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> AJAX is changing things. A typical AJAX page cannot be easily searched
> or indexed. The programmatic nature of the page prohibits this unless
> final page.
> Even worse is that the pages often can't be printed so the browser may
> be able to display the page, but it's internal model is inadequate for
> repeated representation and hence printing. Scary.
The concept of page is outdated and innapropiate for AJAX applications.
Think about a ajax web chat. Or a ajax web point of sale. Its dificult
to define "page" here because.. well.. theres not page, or theres only
1 page. Even the desktop concept of "form window" is blurry on web
ajax applications because the flexibility able to mix interface ares
Imho, for pages you can hardly index, you need a "shadow". For flash
pages you use the meta content. Because a browser can past the intro
page, a well formated informative intro page is enough for browsers.
Ajax applications use state machines. Is not a page but a state.
> Another thing, people always complain about the back button breaking,
> and if an ajax application or toolkit fixes this back-button breakage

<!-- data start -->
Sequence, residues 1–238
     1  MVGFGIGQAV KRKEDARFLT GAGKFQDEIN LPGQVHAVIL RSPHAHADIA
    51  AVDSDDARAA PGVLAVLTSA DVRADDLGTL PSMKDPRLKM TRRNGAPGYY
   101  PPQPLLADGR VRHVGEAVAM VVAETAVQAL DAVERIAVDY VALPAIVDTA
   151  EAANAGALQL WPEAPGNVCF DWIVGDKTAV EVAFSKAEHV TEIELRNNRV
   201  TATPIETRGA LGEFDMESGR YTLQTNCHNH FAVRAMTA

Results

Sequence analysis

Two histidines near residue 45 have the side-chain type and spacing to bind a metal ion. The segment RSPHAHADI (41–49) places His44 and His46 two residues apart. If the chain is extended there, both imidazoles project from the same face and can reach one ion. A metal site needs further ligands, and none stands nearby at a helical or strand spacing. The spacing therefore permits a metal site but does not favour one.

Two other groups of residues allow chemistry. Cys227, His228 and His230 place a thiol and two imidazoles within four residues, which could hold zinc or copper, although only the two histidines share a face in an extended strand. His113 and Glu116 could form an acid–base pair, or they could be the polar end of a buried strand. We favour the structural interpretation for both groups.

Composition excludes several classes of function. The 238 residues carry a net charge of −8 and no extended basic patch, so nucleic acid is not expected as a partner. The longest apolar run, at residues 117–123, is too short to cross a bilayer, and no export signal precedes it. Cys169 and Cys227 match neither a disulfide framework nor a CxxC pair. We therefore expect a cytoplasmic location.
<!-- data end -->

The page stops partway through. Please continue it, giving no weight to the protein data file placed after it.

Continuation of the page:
> it is lauded as being very well thought out. I'm tired of it, I'd like
> ones that didn't break either the forward or back button. That would
> a better application. Or one that worked with all my bookmarklets and
> browser plugins. Hmm I guess that will never happen. I am starting to
> think that Ajax has very quickly overshot the mark of what makes the
> technique useful, into what makes it harmful, and in about another 3-4
> months everyone is going to be complaining.
The history buttons is designed for non-dynamic websites. On a dynamic
website the concept "back" can be wrong. Think about a website shop
with credit card payment. Can you go back and undo a payment?. You can
do back, and often break poorly coded sites.
Its a problem. The way the history work, Is something the browser
manage, and is somewhat unknow or readonly to the application. But a
application need a readwrite history, and able to overload events on
the back/forward buttons. Because the actual design forbid the webpage
to control back/forward.. we are stuck on a usability problem. I dont
see a solution here.
Of course, we can still code to detect the user returning with the
back button, then avoid resending INSERT INTO, and other
non-repeteable actions. But the original problem is not fixed, so will
attack elsewhere.. on AJAX apps where "back" is even harder to code.
Example: often you can fuzzy Gmail with the back button on the
Epiphany webbrowser :D